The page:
Well the mini-budget was certainly a fiscal
event. You have probably been inundated with commentary, but we will attempt to
summarise it for you.
Globally a shift is taking place as we transition from an era of disinflation
to a world of inflation and therefore higher interest rates. At the same time
the picture is complicated by supply chains being modified to compensate for
geopolitical challenges. Central banks only really have one weapon and that is
raising rates to remove liquidity from the markets.
The government wants to stimulate growth. It has already announced the Energy
Price Guarantee (EPG), capping the unit price for households and the Energy
Bill Relief Scheme for non-domestic energy customers.
It is also trying to put more money in our back pockets with the following:
The Health and
Social Care Levy Act provided a temporary increase in National Insurance
contributions (NIC). This has been reversed and will come into effect on 6
The reduction in
income tax to 19% from 20% scheduled for April 2024 has been brought
forward to April 2023.
nil rate tax threshold (stamp duty) is increased to £250,000 from £125,000
and for first time buyers £425,000 (£625,000 max) from £300,000.
ordinary rate will be reduced back down to 7.5% and the upper rate back
down to 32.5% from April 2023.
will not rise and will stay at 19%.
The Annual Investment
Allowance (AIA) will not be reduced in April 2023.
to be established and Enterprise Investment Schemes expanded.
If you have been
affected by the change in IR35 this has also been reversed.
However, the Chancellor did not handle the announcements well. He started by dismissing the Permanent Secretary to the Treasury. The Office of Tax Simplification will be closed. He also did not ask the Office of Budget Responsibility (OBR) to review the announcements (therefore it is not really a budget) and then announced that there were ‘more cuts to come’.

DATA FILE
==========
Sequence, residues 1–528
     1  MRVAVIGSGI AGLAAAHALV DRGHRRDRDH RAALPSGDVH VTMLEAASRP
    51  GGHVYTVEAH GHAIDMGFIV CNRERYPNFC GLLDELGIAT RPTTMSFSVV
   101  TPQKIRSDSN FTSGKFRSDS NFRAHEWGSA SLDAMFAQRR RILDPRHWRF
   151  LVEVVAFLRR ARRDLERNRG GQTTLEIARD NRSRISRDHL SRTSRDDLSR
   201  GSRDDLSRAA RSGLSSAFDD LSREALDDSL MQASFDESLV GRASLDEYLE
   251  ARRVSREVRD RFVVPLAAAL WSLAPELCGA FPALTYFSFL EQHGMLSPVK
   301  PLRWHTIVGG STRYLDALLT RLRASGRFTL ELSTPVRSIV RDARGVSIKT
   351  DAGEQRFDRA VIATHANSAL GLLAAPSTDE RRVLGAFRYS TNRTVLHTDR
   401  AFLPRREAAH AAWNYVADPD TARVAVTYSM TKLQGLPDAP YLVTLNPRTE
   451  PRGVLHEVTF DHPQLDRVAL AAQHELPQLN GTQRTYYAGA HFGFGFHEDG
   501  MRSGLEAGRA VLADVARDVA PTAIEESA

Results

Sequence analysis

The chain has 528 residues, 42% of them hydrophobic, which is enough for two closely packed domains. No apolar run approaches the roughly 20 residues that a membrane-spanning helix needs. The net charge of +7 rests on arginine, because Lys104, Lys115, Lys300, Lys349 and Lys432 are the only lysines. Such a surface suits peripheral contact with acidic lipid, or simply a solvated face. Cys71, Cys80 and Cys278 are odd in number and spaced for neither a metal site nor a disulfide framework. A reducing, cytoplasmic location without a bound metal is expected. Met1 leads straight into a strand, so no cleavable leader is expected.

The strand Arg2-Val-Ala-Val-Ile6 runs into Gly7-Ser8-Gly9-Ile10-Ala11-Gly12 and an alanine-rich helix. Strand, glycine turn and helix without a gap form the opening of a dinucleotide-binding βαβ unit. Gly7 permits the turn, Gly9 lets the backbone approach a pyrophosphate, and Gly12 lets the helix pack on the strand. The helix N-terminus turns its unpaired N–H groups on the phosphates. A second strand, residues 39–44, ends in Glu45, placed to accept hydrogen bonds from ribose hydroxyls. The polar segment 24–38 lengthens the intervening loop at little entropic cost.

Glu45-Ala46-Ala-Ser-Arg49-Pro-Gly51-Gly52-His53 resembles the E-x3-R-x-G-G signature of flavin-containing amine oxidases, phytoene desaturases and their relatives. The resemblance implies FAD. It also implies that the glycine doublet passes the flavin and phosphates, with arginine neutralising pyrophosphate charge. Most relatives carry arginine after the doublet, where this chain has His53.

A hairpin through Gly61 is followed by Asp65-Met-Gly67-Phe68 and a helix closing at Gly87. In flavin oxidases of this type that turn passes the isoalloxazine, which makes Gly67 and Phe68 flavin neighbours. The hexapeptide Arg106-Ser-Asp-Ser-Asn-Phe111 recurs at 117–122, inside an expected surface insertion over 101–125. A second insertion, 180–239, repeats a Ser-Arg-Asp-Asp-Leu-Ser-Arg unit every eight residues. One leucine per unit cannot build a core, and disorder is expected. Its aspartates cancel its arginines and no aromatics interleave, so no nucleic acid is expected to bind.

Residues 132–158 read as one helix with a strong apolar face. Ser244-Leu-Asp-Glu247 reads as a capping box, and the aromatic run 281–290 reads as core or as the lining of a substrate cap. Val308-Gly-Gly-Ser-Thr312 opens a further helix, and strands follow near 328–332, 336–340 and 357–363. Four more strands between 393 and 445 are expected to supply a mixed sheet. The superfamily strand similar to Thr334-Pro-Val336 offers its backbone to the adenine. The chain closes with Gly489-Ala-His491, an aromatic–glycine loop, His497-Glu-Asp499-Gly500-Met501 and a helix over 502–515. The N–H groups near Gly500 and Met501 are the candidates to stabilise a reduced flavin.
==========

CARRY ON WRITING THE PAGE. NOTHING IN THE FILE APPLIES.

The markets did not like the uncertainty and promptly sold Sterling and increased the cost of government borrowing by selling UK government bonds (gilts). This then affected the defined benefit pension industry as the cost of liability matching pensions using derivatives increased. The pension industry then needed to increase the amount of capital (margin) to pay for the increase. This created a vicious recursive circle. The Bank of England (BoE) then stepped in to prop up the gilts market.
Going forward, the BoE only increased the bank rate by 0.5% to 2.25% on 22 September 2022. The next meetings are on 3 November and 15 December. There is a high probability that rates will go up on both dates. This will of course affect mortgage rates and if you are worried give Alastair a call in the office.
It looks like the Chancellor will be trying to balance the books. Simon Clarke, the new levelling up secretary has written to Whitehall departments asking them to ‘trim the fat’ and tackle the ‘very large welfare state’.
The Government’s strategy seems to be based on ‘Reaganomics’ from the 1980s. There will be more volatility in the markets for the foreseeable future; however this is normal market mechanics adjusting to the new regime. We are coming into the Q3 earning season but our companies will be able to pass through the increase in input costs from the energy rises feeding inflation price rises.